Car Charger Stations
application examples

Solutions for charging stations

Requirements for fast charging stations and parameters for charging with direct current

In a 400 V three-phase AC power network the maximum usable charging power is limited to 22 kW (32 A) or 43 kW (63 A) due to the necessary mains fuses, among other things. Charging with direct current (DC) at special charging points is therefore favoured for the fast charging of powerful vehicle batteries.

The typical charging power

Today, battery packs with voltages of around 400 V are usually charged at fast DC charging points. The typical charging power is a maximum of 50 kW, so it takes about 80 minutes to charge a battery for a travel distance of 400 km (Fig. 1). As the charge plugs currently offer a maximum continuous charge current of 200 A, the charging power possible with the present-day 400 V systems is at most 80 kW. At the present time, it is therefore hard to improve on a charge time of 50 minutes for a travel distance of 400 km.

The objective of charging an electric vehicle just like “filling up” a traditional car is of crucial importance to the development of the entire infrastructure in the field of e-mobility. Therefore, an increased voltage of 800–1000V is already being pursued to quickly deliver the same amount of power with the same current. From today's perspective, an increased charge current of 350A will be possible with future battery technology using liquid-cooled charge plugs. This means that an operating range of 400 km could be achieved with a charge voltage of 1000 V within about 11 minutes.

Fig. 1: Charge times for a travel distance of 400 km are dependent on the available charging power

Higher power levels for fast charging stations

Future fast charging points must offer charging power levels of up to 350 kW and guarantee the charging of vehicle batteries with differing battery voltages and capacities. Powerful multipoint charging stations for long-haul electric traffic with several charging points will require their own medium voltage connection.

In contrast to AC charging stations, which are connected to the vehicle for many hours, DC charging stations do not need to provide regenerative feed-in capability out of the vehicle's battery into the energy network (V2G function). Current flows only from the supply network to the vehicle battery.

For a high degree of network friendliness, peak load management, and ride-through capability during brief power losses, these charging stations can optionally offer the integration of battery banks and solar power plants. If these also have to contribute to support of the supply network, the charging station must be equipped with a negative feed capable AFE (Active Front End) mains rectifier.

Fig. 2: Basic circuit diagram of a charging station with several DC fast charging points

Topologies of the charging infrastructure

The most widespread topology for charging stations with multiple DC charging points comprises a central plant section with a 50 Hz transformer, an input filter for the reduction of harmonics and reactive power compensation, and the network-side rectifier. Each charging point also includes a vehicle-side DC-DC converter for adaptation and control of the charging parameters.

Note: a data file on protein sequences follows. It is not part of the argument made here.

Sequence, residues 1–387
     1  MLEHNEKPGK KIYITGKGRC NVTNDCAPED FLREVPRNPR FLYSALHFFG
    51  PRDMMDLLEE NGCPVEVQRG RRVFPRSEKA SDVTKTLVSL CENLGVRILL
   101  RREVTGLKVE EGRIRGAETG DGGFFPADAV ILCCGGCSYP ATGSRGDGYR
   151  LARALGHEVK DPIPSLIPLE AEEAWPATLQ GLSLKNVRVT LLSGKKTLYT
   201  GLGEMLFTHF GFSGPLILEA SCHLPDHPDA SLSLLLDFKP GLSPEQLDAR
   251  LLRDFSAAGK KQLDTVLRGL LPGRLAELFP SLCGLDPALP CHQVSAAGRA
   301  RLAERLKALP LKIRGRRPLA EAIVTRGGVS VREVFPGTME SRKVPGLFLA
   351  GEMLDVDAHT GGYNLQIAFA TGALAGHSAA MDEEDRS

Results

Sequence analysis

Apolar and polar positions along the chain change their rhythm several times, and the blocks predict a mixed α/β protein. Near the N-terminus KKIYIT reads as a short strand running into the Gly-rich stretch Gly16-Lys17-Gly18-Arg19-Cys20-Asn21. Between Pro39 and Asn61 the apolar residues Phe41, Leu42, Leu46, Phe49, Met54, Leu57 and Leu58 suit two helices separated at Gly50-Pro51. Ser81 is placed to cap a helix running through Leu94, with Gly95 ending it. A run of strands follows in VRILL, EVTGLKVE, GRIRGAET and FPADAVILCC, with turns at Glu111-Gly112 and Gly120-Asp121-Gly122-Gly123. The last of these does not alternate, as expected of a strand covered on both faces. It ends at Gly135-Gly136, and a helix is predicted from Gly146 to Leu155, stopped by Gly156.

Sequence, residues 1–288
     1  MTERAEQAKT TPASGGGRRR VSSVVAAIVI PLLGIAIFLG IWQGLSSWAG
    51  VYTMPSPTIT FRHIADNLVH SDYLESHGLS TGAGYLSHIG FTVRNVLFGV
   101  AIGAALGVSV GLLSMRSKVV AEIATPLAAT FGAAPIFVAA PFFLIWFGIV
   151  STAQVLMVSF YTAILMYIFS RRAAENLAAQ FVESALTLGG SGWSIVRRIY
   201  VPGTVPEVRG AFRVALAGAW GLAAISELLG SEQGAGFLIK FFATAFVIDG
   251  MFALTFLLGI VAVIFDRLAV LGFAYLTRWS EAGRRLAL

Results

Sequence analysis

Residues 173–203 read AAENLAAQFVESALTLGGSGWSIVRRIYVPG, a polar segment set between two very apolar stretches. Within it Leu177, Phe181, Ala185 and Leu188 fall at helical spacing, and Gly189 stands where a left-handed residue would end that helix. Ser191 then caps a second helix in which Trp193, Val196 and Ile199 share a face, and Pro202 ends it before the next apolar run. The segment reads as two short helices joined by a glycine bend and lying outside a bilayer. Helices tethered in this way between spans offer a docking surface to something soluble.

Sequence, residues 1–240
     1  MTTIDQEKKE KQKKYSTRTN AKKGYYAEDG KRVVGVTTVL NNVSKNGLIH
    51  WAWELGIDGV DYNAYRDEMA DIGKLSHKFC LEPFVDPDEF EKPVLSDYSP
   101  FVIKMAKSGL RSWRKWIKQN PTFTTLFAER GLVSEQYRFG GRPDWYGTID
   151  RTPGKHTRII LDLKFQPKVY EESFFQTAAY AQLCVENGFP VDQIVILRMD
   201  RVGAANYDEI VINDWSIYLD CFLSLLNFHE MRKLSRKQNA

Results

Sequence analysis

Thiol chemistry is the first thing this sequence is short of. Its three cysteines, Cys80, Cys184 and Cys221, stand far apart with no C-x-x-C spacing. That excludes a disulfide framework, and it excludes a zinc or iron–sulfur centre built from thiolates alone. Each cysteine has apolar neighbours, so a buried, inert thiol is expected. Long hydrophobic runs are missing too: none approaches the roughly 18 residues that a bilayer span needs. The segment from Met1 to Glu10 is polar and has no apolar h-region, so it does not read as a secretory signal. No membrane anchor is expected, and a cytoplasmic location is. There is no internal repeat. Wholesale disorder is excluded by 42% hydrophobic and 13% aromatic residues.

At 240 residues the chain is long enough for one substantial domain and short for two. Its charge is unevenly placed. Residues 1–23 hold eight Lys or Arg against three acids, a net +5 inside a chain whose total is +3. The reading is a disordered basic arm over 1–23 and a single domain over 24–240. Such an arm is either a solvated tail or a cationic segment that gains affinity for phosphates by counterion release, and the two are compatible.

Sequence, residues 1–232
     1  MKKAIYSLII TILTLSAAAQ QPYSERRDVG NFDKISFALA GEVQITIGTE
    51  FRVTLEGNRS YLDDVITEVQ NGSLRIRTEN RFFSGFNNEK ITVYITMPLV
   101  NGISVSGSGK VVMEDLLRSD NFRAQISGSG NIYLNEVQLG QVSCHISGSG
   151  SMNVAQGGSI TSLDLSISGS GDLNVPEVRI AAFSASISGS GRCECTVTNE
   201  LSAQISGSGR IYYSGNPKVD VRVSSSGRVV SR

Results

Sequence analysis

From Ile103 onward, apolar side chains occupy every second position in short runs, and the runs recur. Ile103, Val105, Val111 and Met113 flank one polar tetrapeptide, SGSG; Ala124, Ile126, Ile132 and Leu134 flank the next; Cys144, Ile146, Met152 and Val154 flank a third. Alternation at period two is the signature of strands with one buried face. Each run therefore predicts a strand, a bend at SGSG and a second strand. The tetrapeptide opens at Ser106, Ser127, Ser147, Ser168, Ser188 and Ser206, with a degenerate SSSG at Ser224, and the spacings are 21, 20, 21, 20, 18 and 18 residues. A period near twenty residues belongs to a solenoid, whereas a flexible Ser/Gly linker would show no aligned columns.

If individual charging points have to be independently connected to the energy network then the mains transformer, input filter, and mains rectifier must also be integrated into the charging point.

Fig. 3: AFE mains rectifier

Active front end mains rectifier

To minimize phase effects on the system, the mains rectifier can also be configured as an IGBT-based AFE rectifier without energy recovery from optional energy storage units. As this functions as a step-up converter, only step-down converters are required in the charging points, even if high battery voltages have to be generated from low input voltages.

Fig. 4: DC-DC converter with galvanic isolation (Dual Active Bridge)

DC-DC converter with galvanic isolation

To minimize the isolation cost in the vehicles, the charging voltage must be galvanically isolated from the supply voltage. In charging points with their own mains connection, this can be done with the mains transformer as shown in Fig. 2. Alternatively, galvanic isolation inside the DC-DC converter provides the advantage that very small transformers can be used due to the high switching frequencies.

This is essential in the case of charging points in a charging station with a central rectifier. Another advantage of a high switching frequency in the DC-DC converter is the decreased smoothing requirement for the battery-side output for an increasing switching frequency.

Fig. 5: Basic circuit diagram of power transmission with wireless charging

Wireless charging

The charging process can also be performed wirelessly by means of inductive power transmission using an air gap between two opposing resonant circuits in resonant mode. The primary winding is located in the floor panel and the secondary winding on the underside of the vehicle. As the air gap can be 150 mm or more, the power transmission takes place at frequencies of between 10 and over 100 kHz. A possible topology for power transmission is one high frequency H-bridge in the charging station and one in the vehicle.

If the primary and secondary coils are close enough, the two H-bridges operate in resonant mode.
The transmittable power and efficiency are limited by the magnetomotive force of the winding and by the quality and coupling factor of the resonant circuits. As this is less than 20 kW with an efficiency of about 80% in today's applications for passenger cars, the technical cost is significantly higher than for wired charging. These factors ensure that wireless charging is still a niche solution for now.